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Thanks for the great review, BgmUke! You filled in a lot of the blanks I left in my own review. I’m sure the video demo (with its soaring angel choir as your camera swept across all the glorious surfaces and curves) will be helpful to anyone who’s contemplating buying a Teton electric uke.

My Teton also looks way better in the flesh/wood than a photo could capture, although it looked pretty darned good in Mim’s pix.

Speaking of Mim, she put on the low G for me — I recommend it.

I loved your comment on your “death grip.” That’s a great way to develop tendinitis in your hand and wrist, so the buzz-free low action (I don’t know how much of that was Mim and how much was the manufacturer) makes a stranglehold unnecessary. You might want to look into getting your Suzuki set up by a pro. A little improvement goes a long way.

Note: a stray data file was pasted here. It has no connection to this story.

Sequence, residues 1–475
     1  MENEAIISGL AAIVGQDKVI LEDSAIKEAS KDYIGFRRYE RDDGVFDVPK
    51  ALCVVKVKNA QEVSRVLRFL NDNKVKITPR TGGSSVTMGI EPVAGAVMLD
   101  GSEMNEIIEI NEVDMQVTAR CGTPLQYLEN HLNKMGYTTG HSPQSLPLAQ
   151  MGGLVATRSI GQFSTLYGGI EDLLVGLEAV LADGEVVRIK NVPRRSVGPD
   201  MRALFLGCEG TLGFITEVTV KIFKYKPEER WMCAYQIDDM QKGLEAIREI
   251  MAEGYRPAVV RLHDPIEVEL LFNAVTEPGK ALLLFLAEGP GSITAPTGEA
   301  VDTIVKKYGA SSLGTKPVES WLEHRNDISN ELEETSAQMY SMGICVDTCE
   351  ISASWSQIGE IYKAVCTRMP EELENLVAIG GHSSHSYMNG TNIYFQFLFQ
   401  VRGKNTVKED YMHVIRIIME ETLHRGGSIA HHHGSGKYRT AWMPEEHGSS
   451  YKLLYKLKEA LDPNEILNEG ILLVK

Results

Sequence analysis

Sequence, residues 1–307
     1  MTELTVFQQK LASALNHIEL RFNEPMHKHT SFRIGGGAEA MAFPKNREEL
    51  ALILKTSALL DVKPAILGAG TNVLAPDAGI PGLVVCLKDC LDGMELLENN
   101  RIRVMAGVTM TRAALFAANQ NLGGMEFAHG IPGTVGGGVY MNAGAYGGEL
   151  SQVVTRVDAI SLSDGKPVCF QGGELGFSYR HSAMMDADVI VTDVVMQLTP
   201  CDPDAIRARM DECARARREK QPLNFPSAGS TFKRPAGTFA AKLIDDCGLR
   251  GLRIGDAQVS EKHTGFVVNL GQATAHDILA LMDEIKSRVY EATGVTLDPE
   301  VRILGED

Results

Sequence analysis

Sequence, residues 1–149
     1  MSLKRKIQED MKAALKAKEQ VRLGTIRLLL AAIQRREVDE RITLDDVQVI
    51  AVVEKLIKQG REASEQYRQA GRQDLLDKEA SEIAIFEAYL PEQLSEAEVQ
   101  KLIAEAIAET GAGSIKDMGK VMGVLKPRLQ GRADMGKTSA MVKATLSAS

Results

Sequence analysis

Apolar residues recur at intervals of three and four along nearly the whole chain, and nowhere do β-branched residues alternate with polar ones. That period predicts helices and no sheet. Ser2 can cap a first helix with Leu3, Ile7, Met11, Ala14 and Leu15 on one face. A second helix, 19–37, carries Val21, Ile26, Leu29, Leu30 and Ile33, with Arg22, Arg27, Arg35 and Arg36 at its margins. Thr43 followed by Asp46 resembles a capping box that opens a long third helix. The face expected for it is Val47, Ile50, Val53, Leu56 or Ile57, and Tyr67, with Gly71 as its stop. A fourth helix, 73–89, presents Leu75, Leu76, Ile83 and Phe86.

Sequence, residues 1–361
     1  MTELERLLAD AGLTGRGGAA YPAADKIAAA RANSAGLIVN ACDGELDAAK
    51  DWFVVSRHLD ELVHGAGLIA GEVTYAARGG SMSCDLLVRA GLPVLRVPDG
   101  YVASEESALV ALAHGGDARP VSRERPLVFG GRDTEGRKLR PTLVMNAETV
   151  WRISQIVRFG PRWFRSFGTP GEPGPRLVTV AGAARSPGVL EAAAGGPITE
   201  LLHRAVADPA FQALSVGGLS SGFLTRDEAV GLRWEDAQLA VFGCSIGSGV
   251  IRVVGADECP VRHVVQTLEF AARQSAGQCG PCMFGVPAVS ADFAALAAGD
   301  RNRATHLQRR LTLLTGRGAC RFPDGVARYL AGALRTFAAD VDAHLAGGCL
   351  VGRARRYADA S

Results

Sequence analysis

I was surprised that your right-angle, thick-thingied (you know what I mean) headphone jack fit so well into the countersunk hole drilled in the wood of your uke. As you know, I had issues with that. And mine doesn’t click like yours does, although it’s plenty secure and there’s a good audio connection. The depth of both holes (just the wood part) is roughly three-eighths of an inch. I think that’s a little over a centimeter, but I’m American and therefore metrically dumb. How deep is yours countersunk?

I feel your pain about not wanting to pass your Teton around until you’ve had it longer. I’ve avoided a couple of jam invitations for that reason. I know that anyone who loves instruments will want to get their greasy, butterfingered paws on it.